### Presentation - Turing Gateway to Mathematics

```Modelling in vitro tissue
growth
Open for Business INI Cambridge 24th June 2014
Reuben O’Dea
Centre for Mathematical Medicine and Biology
University of Nottingham
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Regenerative medicine
• “Replacement/regeneration of cells/tissues/organs
to restore normal function”…
In vitro tissue engineering
 Growth of tissues for implantation (e.g. bone)
 Toxicology screening, drug testing (NC3Rs)
 High demand – shortage of donor tissues
 2009/10: ~8000 waiting; 552 deaths
 Generation of tissue with in vivo properties…
Tissue-level properties
Mechanics
Cell signalling
Biochemistry
Modelling: (i) Quantitative understanding of complex problem
(ii) Emergent tissue-level properties
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TE bioreactor system1
 Perfusion enhances nutrient
delivery
 (Mechanotransduction) Bone
cells sensitive to
 Compressive strain
 Fluid shear stress
 Mineralisation enhanced,
localised in regions of stress
I. Phenomenological
model
 Mechanotransduction
 Cell-cell/cell-scaffold
interactions
1
II. Micro to
Macoscale


Microscale FBP
Emergent macroscale
model
AJ El Haj et al. ISTM, Keele University
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I Phenomenological model
Aims
 Develop a continuum macroscale model
 Accommodate:
1. Cell-cell interactions
3. Mechanotransduction
 Obtain a minimal framework
Multiphase approach
 Describe tissue as sets of interacting ‘phases’
 ‘Continuum mechanics’-type PDEs
 Naturally accommodates interactions within
biological tissue
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I Multiphase model – detail
Phases
 Cells, culture medium:
 Substrate: PLLA scaffold, deposited ECM
 Viscous fluids contained within porous scaffold
Governing equations
 Mass:
 Momentum:
Mechanotransduction
Viscous drag + active forces
Cell aggregation
5
I Multiphase model – investigations
1. Geometry (2D vs 1D)
vs.
≪
2. Cell-scaffold interaction model
3. Scaffold heterogeneity
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1. Results – geometry
Model predicts characteristic morphology due to culture conditions
and regulatory mechanisms
How important is it to solve the full 2D equations?
… not very!

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2. Results – adhesion
Simple adhesion model gives identical results!
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2. Results – scaffold heterogeneity
Cell-substrate adhesion → ECM profile mimics/exaggerates
underlying heterogeneity
9
II Micro vs. macro models
 Tissue growth is inherently a multiscale process
 Phenomenological (macroscale) models
o
o
‘Convenient’
Differ widely; neglect microscale phenomena
Aim: Derive a macroscale formulation able to embed
microscale dynamics
mesoscale
Multiscale methods exploit scale separation to do this
10
II Growth as a microscale FBP
 Consider nutrientlimited growth in a TE
scaffold
 Rigid porous scaffold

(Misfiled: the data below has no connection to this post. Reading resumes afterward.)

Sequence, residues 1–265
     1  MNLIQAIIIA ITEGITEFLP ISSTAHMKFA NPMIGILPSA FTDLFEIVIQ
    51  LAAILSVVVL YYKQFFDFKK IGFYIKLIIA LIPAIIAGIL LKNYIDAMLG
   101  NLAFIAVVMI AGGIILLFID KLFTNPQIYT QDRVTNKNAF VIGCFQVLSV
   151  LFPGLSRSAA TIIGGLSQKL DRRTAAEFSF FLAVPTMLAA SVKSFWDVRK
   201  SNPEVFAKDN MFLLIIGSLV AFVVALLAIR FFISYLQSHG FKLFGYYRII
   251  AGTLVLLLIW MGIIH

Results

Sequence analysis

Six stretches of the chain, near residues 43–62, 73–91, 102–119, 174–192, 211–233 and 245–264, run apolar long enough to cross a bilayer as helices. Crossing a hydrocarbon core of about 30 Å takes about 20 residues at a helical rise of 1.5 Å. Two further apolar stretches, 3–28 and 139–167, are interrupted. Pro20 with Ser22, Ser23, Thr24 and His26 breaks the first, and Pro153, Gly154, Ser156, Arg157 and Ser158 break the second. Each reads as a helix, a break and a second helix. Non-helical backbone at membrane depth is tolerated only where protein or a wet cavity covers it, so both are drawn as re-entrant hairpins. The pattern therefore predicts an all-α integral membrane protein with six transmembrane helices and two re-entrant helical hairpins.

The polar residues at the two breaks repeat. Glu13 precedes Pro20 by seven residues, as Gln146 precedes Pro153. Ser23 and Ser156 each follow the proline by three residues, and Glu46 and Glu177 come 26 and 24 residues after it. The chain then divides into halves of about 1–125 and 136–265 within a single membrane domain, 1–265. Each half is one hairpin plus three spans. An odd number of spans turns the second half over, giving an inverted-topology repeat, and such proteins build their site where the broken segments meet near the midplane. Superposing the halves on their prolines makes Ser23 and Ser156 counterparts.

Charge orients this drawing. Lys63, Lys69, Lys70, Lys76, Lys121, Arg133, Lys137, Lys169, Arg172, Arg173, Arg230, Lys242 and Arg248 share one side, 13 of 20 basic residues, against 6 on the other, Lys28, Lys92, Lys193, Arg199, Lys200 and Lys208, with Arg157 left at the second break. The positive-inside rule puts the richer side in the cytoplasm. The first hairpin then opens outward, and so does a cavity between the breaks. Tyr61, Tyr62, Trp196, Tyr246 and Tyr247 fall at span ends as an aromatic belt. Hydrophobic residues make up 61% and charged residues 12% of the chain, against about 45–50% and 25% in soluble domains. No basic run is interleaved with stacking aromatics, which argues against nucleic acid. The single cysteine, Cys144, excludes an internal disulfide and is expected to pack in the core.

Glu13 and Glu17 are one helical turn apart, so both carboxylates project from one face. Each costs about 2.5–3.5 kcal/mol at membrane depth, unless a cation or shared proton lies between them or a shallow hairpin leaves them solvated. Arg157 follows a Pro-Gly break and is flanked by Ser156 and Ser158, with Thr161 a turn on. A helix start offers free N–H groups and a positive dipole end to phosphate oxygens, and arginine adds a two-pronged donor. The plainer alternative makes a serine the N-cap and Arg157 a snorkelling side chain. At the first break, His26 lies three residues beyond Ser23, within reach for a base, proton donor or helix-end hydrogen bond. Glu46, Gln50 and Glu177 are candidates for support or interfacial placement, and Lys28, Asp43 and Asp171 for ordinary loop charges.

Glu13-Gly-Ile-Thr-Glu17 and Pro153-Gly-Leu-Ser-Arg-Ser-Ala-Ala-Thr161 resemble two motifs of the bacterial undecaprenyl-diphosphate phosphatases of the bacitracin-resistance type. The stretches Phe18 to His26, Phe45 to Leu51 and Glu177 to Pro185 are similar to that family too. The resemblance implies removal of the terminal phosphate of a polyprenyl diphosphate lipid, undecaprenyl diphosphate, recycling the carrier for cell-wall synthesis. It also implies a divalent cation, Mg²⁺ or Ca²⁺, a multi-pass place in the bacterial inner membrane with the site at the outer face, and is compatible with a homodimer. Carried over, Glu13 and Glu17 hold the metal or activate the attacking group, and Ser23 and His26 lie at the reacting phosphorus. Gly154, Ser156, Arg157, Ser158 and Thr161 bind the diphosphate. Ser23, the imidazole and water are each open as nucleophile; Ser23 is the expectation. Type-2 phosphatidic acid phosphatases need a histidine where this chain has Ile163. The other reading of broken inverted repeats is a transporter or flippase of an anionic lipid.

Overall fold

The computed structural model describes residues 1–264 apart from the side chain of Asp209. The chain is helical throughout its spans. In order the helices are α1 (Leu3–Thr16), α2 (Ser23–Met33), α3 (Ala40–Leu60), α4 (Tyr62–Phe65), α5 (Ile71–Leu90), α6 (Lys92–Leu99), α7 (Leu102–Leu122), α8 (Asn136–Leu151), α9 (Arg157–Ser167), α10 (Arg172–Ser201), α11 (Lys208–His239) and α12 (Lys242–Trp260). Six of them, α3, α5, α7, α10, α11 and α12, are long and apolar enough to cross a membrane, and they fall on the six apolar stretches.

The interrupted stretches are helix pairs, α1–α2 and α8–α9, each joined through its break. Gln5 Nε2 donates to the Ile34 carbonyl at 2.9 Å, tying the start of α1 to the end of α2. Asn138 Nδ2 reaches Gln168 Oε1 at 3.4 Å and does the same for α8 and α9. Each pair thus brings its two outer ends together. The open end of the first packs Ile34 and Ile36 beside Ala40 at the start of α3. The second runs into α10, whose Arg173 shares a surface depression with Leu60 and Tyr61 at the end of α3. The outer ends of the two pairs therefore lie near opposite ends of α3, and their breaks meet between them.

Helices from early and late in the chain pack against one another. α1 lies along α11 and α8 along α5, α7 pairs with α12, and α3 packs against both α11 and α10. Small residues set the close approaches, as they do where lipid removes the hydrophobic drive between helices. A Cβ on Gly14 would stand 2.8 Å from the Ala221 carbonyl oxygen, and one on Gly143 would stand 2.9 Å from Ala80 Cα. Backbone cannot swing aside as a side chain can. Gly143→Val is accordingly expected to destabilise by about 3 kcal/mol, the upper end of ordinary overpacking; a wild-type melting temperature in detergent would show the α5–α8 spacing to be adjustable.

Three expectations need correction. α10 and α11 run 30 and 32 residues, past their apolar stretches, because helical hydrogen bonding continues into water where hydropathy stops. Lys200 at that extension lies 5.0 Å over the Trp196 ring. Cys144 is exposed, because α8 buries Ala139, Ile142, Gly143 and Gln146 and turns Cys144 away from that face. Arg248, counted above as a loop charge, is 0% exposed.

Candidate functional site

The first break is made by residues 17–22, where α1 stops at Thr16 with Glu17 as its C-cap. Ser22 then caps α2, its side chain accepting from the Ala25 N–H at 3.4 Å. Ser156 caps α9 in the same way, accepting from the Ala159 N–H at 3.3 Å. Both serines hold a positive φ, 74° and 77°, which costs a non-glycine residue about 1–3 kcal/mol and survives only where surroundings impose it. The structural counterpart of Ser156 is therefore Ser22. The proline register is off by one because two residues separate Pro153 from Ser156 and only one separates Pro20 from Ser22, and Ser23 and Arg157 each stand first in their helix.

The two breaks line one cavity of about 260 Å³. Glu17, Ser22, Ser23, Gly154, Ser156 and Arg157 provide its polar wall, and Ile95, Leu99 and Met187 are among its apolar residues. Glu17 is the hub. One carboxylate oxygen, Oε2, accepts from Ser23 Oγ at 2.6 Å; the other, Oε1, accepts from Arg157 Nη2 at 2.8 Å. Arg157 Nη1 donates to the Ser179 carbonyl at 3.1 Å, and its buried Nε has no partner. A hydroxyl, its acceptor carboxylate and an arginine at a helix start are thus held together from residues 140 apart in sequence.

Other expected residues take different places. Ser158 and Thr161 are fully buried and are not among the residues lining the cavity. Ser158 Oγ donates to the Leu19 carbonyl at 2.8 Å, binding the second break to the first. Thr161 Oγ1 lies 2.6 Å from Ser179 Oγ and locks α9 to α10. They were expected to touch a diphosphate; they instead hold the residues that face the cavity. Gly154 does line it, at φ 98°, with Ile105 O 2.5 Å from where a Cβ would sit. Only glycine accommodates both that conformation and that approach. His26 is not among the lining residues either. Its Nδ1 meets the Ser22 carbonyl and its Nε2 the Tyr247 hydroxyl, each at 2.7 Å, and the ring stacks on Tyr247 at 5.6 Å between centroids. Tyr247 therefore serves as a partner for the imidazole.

 Viscous culture medium
 Growth/deposition as evolution of interface
Simple method to accommodate microscale flow, transport, microstructure
 Multiscale method relies on:
∗
 Scale separation:  = ∗ ≪ 1
 Local periodicity
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II Growth as a microscale FBP
 Consider nutrientlimited growth in a TE
scaffold
 Rigid porous scaffold
 Viscous culture medium
Fluid flow:
Nutrient transport:
Nutrient uptake:
on
Growth:
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Macroscale model
 Separate microscale (x) and macroscale dependence (X)
 ‘Average’ microscale equations over the pore domain, … , obtain
macroscale flow, transport equations:
Flow
Influenced by
microscale
growth
Flow
Influenced by
microstructure
Transport
Transport
Influenced by
microstructure
and growth
Influenced by
uptake and
growth
 K, S, Q depend on the domain through:  and
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Macroscale model – results
 Use scaffold to define the
microstructure: domain
 K, S, Q depend on the domain through  and ; e.g.:
 Macroscale bioreactor ‘model’; simple uptake/growth:  ∝ ,  ∝
Flow/nutrient
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Summary
Phenomenological model
 Continuum macroscale model for TE applications
 Accommodates:
1. Cell-cell interactions ;
3. Mechanotransduction
 Investigated a minimal framework
Multiscale analysis
 Rigorous development of macroscale growth model via
microscale FBP formulation
 Obtain fully-coupled growth/flow/transport within well-studied
PDE formulation
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Thanks!
AJ El Haj
MR Nelson
SL Waters, HM Byrne
JM Osborne, J Whiteley
Multiphase modelling





O’Dea, Waters & Byrne (2008) EJAM, 19:607–634
O’Dea, Waters & Byrne (2010) Math. Med. Biol., 27(2):95–127
O’Dea, Osborne, Whiteley, Byrne & Waters (2010) ASME J. Biomech., 132(5)
O’Dea, Osborne, El Haj, Byrne & Waters (2013) J. Math. Biol. 67(5):1199–1225
O’Dea, Byrne & Waters (2013) Computational modelling in TE (Review) 229–266
Multiscale analysis

O’Dea, Nelson, El Haj, Waters, & Byrne (2014; in press) Math. Med. Biol.
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